Well, it appears I may have jumped the gun a little again. Hee. Hee. Chez Misty and I decided this spring that we would raise some meat chickens this summer. She, tired of paying exorbitant prices for grass-fed chicken, and I wanting to be more self-sufficient began our journey last Friday. Both of us like the idea of knowing exactly what our meat eats. Smile. Who is this woman Kathleen? I don’t know her. She’s going to kill her own meat? I know. I’ve gone and finally lost it. I’m assured by my meat-raising friends that we can do it and we’ll be fabulously pleased by the taste.
So, here we go. I ordered some Americauna baby chicks (hens that will lay green eggs) and decided it would be foolish to not start raising the meat birds at the same time. So, not fully understanding the plan, Chez Misty and I decided we better act. If you know either of us, this is uncharacteristic. She and I are planners. Researchers. We must know everything perfectly before we start anything. Now we must scramble. Or at least bring our families together for dinner to organize ourselves.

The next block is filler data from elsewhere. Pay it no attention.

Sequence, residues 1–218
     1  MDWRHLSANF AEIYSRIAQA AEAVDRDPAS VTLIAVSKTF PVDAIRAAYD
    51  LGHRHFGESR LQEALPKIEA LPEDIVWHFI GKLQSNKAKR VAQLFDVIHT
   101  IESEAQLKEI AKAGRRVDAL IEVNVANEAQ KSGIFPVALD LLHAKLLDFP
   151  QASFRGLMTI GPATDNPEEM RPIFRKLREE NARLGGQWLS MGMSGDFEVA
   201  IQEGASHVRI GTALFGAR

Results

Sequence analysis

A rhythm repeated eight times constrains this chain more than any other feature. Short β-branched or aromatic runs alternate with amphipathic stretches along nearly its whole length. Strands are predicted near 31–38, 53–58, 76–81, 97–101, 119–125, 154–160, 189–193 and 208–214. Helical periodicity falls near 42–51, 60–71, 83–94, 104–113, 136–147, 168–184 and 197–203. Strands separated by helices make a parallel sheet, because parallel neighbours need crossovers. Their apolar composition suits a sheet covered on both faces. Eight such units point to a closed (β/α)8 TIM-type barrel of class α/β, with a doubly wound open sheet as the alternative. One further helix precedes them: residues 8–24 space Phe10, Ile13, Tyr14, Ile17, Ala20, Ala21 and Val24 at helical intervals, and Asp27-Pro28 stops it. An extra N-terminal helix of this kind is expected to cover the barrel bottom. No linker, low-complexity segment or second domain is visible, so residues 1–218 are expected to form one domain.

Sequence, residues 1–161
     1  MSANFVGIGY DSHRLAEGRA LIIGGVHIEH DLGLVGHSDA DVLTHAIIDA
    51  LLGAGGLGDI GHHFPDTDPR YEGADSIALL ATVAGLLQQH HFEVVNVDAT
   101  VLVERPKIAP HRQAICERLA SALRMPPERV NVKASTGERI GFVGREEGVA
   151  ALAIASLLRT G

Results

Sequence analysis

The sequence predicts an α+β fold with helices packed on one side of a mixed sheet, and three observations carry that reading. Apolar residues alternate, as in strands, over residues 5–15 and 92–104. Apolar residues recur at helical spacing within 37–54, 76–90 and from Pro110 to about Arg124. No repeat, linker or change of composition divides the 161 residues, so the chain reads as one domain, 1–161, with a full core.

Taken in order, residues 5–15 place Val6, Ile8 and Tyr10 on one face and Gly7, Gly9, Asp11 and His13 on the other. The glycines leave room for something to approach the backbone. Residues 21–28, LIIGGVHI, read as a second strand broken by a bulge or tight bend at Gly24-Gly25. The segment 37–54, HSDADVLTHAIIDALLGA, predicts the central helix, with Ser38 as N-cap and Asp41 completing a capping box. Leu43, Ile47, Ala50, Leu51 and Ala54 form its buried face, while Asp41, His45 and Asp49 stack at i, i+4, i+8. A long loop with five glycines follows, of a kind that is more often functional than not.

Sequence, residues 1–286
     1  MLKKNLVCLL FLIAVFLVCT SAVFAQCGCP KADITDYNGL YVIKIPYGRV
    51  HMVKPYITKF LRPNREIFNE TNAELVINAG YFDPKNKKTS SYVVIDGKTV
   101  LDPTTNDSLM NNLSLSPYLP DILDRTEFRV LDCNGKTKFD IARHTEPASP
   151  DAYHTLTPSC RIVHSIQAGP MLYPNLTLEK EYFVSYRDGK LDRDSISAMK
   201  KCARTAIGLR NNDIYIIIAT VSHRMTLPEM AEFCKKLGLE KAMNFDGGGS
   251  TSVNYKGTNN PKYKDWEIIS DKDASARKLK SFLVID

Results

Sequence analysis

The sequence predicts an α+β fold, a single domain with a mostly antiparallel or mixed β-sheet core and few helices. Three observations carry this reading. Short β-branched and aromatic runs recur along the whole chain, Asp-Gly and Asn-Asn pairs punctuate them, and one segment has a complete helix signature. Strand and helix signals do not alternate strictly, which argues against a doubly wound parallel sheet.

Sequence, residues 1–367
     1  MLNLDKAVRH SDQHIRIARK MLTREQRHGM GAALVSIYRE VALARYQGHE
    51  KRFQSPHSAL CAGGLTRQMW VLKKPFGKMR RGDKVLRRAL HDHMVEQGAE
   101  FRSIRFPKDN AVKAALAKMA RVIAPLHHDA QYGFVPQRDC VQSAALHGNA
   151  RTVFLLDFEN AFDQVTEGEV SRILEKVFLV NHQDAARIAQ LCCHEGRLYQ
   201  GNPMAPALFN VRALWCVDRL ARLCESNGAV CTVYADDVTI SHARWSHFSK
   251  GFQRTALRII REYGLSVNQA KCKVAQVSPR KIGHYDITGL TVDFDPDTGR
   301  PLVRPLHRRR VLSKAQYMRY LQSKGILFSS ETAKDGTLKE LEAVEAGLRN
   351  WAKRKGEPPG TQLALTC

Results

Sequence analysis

So, here’s the plan:
Raise 25 Cornish Cross chickens (pray that very few die before slaughter date…Cornish Cross have a pretty high mortality rate)
Feed them organic grains (we’re buying our feed from Azure Standard)
Raise them inside for a few weeks, then move them outside to a traveling chicken coop that Misty’s husband is going to build.
The traveling coop will be moved daily to a fresh patch of pasture. Yes, we’ll be fertilizing our pasture. Yeah.
Visit a friend’s farm to view their slaughtering set up.
Invite some other veteran meat chicken raisers over to help with ‘the deed’. They’ve got a plucker they said we could borrow. Awesome!
Buy Joel Salatin’s “Pastured Poultry Profits”. Read it. Decide what else we should do.
And there you have it. I’m sure we still have big gaps in our plan. We’ll make mistakes, but we’ll learn a ton. Did I mention I love to learn new things? I’m currently devouring “You Can Farm”and “Everything I Want To Do Is Illegal” by Joe Salatin. I wish I had found him sooner in our farming adventure. I like his thinking. But that’s for another post.